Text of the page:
TFPN: We Are Wizards had its world premiere at SXSW. What was that experience like for you?
Josh: People really responded positively to the film. SXSW was the perfect launching pad for the film because of its musical tie-in. I’ve been to Austin, but never to SXSW before. I’ve worked at festivals. I’ve been around. It’s one of the best festivals I’ve ever been to. It’s the vibe there and the attention paid by the press and the amount of people that come out. I would go there if I made another film and I got accepted. The reception to the film was pretty remarkable. The first show was sold out. The second one at the Paramount Theater was not, but I think that’s because it’s a 1,200-person capacity. But we had 400 or 500 people there at 11am. That’s not a bad screening. One of the things I was particularly proud of was when people came up to me and said, I’ve never read a book and I’ve only seen one movie or not seen anything, but it didn’t matter, because your film is not really about that. It didn’t make a difference that they didn’t understand the Harry Potter world. Some people came up to me and said they hate Harry Potter. If you can get through to those people, then I think that’s a sign of a successful film.
TFPN: Has Harry Potter creator J.K. Rowling seen your film yet?
Josh: She is just about the hardest person in the universe to get a hold of. I don’t know, but I think if she ever had an opportunity to see it, which I would love, I think she would like it because I think she very much respects the idea of being inspired and creating something from nothing and working creatively from the ground up. And that’s the way she has always written her books. And that’s the way she started as an unknown and created this massive world that’s treasured by millions of people. One of our characters, Melissa, is still in touch with her and she does interviews with Melissa often and they’re friends to a degree. That’s something that is rare. I think that Rowling still recognizes the value of participation. I think that’s what would hopefully resonate with her.
TFPN: What has the experience been for you going from film programmer to filmmaker and back?
Josh: It was a funny little journey for me. I started with my first film, Standing By Yourself, which did really well and ended up with a theatrical release in New York for seven awesome days and was really well received by critics. After that I was so inspired by the whole film festival experience that I started the Brooklyn Underground Film Festival, which we ran successfully for five years. At the same time, I started with the Hamptons International Film Festival. I love festivals and I love making films. It gave me a different perspective for sure. Of course I made a lot of contacts through that, but it also helped train me on how to see as a programmer. Programmers have very little patience if a film is working for them or not. Some of them watch all the films, especially if it goes through a screening committee. I think that it’s helped me to understand that side of the world a little better. When I started with my first film, I took everything so personally. I got rejected from this and that. It was tearing me a part. Then I realized after working at a film festival, it’s not that way. There’s lots of rules and premiere status is a big thing. Just because it doesn’t get in, doesn’t mean it’s not good, just maybe it didn’t work. I think this new film, We Are Wizards, is getting pretty good reception from film festivals and I hope it will have a great run. If we can keep that momentum going for a while, that’s all we really want. We didn’t really make this thing to sell. We just made it because we wanted to make something that was engaging. My last film was released five years ago. I went a long time without making another film because I got involved with film programming. I’m still interested in programming, and I love it, but I hadn’t felt that filmmaking bug in a while, because it left me and I got it again. The most important thing for me was to keep that moving and keep going. Making films is what I definitely feel most passionate about. Of course hopefully it will do well and we can some of the money back we invested and all this good stuff, but what’s also important for me is to find that next story and start working on it.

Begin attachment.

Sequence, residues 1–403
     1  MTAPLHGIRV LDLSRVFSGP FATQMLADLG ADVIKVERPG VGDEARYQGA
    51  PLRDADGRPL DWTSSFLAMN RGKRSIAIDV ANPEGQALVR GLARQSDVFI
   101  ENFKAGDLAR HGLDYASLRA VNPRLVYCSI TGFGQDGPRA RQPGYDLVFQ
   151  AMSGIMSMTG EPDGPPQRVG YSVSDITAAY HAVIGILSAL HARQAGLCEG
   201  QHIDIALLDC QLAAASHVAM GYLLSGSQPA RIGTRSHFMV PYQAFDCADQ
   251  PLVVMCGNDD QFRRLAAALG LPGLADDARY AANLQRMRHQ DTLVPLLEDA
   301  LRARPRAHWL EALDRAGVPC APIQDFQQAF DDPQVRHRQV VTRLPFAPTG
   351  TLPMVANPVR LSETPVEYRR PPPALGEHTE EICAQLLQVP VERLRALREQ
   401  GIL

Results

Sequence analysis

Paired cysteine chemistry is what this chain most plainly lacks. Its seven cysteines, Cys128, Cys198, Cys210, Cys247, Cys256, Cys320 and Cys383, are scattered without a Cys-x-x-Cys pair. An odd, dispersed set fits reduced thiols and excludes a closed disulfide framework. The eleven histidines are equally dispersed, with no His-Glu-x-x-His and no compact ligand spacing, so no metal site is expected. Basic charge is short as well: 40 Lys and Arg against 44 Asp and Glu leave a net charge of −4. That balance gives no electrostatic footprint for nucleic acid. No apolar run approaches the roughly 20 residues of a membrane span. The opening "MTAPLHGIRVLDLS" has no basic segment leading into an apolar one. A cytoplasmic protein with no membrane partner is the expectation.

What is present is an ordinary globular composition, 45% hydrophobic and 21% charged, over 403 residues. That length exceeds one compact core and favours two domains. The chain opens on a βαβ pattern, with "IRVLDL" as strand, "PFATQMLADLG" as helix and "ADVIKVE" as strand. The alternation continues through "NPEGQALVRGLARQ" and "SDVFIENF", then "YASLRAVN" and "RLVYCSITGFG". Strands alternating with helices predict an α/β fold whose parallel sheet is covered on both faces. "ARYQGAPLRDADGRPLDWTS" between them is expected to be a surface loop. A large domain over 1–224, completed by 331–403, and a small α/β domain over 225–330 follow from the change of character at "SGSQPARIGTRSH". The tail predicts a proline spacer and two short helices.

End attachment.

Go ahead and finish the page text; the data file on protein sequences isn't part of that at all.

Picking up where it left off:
TFPN: What is next for you?
Josh: I have some ideas, but we haven’t locked any in yet and can’t talk about because I don’t know which one I’m going to do yet, but there’s definitely a couple of really good ideas. I’m going to work with the team that made We Are Wizards and get some stuff rolling.
TFPN: Do you want to stay on the documentary track or make narratives?
Josh: No, absolutely documentaries. I grew up making narratives, but documentary is definitely the track I’m headed on. I love finding stories. Finding something that’s worth being put on a screen is tough, but it’s important to do and I think that’s what excites me most. That’s why ultimately we stuck to only five or six subjects in We Are Wizards because I think if we showed 100 subjects, this would have been a retrospective, and that’s not what I’m interested in. What I’m interested in is characters and real people and finding their inner story. We could have had Heather just talk about her experiences with Warner Bros. and then call it a day, but it was important to talk about her illness and other issues and aspirations beyond that, the second layer underneath Harry Potter. I think that’s what we tried to do and that’s what we’ve been told we did and I think that’s important.